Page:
Tthe Academy Awards: Oscar's Bona Fides
The history of the Academy Award statuette, the famous "Oscar", including information in its creation, composition & construction
- Academy Award of Merit
- Intrinsic Value
- Protecting Oscar's Image
He's bigger than you think, and much heavier than his pictures suggest. Unlike most six-foot-tall screen legends, who seem to shrink to five and a half-foot disappointments in person, he actually seems taller in person. Some of that has to do with the "soap box" he stands on, like the legendary 5'4" tall Alan Ladd. He is truly impressive in the flesh, so to speak, though he doesn't have any. He is 13 and ½ inches tall and weighs a solid 8 and ½ lbs., stripped, which he always is. His name is "Oscar," and this is the story of his bona fides.
The Oscar statuette, perhaps the most famous award in the world, was sketched out on a napkin by Metro-Goldwyn-Mayer set design department head Cedric Gibbons a week after the Academy was established, on orders from his boss, Louis B. Mayer, the "M" in MGM. The driving force behind the founding of the Academy of Motion Picture Arts and Sciences, "L.B." thought giving out awards would generate goodwill for the Academy.
Sculpted by Los Angeles artist George Stanely, it an Art Deco representation of a Crusader, which explains the sweeping girdle of the sword somewhat concealed by Oscar's forearms. The sword proved to be the perfect prop for protecting the naked gent's modesty. The "Crusader" stands on a five-sprocketed film-reel whose five spokes represent the five branches of the Academy: actors, producers, writers, directors and the technical crafts.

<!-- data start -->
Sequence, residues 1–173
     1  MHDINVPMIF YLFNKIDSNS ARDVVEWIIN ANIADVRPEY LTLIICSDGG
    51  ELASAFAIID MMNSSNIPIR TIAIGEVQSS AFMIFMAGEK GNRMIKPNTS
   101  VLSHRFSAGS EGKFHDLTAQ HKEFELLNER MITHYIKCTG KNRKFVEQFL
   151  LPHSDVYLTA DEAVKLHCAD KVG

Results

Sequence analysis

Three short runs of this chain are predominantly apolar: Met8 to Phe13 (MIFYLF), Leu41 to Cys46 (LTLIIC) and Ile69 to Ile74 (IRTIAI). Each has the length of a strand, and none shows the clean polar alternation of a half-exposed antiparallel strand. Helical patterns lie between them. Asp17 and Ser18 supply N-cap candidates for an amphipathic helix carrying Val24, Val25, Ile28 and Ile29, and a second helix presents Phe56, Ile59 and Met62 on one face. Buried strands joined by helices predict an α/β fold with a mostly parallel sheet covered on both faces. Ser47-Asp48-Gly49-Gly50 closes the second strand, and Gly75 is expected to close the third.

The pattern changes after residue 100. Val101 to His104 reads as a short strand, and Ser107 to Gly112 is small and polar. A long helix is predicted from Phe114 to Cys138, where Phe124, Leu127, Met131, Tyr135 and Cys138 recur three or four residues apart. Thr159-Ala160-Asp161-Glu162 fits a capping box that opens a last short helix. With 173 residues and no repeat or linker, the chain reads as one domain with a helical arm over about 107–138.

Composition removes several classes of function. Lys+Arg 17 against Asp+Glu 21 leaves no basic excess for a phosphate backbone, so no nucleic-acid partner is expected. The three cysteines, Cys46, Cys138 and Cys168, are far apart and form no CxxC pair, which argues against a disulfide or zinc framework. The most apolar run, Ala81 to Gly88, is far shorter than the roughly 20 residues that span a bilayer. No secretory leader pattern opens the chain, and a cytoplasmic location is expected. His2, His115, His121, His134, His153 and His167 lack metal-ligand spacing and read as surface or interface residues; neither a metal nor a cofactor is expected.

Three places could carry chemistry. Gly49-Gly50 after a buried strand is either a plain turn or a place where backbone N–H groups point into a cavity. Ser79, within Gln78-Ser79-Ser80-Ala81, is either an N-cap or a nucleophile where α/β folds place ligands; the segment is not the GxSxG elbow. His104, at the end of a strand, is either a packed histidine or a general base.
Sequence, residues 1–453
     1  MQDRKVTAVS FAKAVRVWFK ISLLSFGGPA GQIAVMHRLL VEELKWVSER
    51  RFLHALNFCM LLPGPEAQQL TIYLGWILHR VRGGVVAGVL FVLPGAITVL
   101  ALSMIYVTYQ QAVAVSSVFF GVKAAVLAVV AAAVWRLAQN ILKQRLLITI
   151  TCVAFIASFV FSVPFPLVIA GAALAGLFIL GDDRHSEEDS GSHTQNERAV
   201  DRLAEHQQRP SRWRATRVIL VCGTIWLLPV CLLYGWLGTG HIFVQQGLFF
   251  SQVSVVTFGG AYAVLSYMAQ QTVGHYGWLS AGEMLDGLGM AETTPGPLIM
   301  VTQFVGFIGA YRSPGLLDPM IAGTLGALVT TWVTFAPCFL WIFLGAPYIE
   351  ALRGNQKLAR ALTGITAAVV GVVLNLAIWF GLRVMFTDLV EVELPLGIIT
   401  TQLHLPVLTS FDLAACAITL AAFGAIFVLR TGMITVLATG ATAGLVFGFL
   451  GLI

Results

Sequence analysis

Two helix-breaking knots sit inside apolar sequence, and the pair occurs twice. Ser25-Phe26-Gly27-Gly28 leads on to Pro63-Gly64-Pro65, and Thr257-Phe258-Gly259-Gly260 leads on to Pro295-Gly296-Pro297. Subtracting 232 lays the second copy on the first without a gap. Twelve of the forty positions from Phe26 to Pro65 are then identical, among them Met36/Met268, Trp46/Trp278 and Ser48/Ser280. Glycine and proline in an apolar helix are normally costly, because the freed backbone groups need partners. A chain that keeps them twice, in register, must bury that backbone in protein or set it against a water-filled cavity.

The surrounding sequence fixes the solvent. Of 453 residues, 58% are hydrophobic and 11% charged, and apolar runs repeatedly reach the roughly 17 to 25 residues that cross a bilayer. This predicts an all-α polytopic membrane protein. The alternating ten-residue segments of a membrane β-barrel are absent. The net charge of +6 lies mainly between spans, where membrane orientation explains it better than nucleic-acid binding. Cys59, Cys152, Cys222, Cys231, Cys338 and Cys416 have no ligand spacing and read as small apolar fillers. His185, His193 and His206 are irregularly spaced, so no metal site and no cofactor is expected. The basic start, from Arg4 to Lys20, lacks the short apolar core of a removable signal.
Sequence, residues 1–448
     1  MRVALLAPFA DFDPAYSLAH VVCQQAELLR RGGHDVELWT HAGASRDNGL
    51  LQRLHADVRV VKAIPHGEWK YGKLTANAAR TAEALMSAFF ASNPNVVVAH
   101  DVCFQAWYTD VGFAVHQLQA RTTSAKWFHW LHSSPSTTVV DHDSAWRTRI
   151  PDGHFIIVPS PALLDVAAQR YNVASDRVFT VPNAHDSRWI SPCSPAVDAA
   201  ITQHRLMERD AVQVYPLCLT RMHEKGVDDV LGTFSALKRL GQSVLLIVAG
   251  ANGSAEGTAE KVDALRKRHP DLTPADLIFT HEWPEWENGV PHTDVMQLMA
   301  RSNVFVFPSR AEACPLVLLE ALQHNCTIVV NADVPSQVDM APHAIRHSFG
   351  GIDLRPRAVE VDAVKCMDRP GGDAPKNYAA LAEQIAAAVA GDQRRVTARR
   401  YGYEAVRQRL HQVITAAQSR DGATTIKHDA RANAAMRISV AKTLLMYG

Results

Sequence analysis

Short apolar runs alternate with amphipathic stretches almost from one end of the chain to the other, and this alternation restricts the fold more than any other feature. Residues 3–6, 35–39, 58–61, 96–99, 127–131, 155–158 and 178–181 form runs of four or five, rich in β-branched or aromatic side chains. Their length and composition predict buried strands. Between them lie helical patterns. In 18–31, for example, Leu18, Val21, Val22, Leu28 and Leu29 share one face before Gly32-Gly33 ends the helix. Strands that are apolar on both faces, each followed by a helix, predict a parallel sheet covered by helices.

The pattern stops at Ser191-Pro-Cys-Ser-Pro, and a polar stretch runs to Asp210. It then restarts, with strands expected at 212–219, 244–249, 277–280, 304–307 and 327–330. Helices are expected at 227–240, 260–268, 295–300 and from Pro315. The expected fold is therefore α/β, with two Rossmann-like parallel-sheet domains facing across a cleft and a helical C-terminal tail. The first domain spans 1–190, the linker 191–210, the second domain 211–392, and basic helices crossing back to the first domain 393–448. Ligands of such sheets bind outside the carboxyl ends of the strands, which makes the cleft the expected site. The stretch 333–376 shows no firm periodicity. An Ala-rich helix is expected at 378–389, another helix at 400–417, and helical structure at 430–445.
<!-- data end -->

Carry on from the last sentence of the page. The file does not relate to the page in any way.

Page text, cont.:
Academy Award of Merit
The official name of the little gold gentleman is the "Academy Award of Merit," and winners' statuettes were inscribed "First Award for Merit" until the 1950s. In addition to making the awards, R.S. Owens also engraves the statuettes for winners, who are required to return the awards the day after the ceremony to have their names immortalized on their own Oscars.
While the actual figure of the Academy Award has not changed in 80 years, the statuettes originally were fabricated from solid bronze and gold plated. Early Oscars were prone to tarnishing and pitting, and in 1931, in order to improve the finish, the base metal was changed to brittanium, a pewter-like alloy consisting of tin, copper and antimony.
The Academy orders 50 or 55 statuettes annually to replace its coffers, which are depleted by the previous year's awards and by replacing lost or damaged Oscars. Casting 50 statuettes typically takes trophy-maker R.S. Owens (Chicago, Illinois), three weeks to a month to fulfill the order.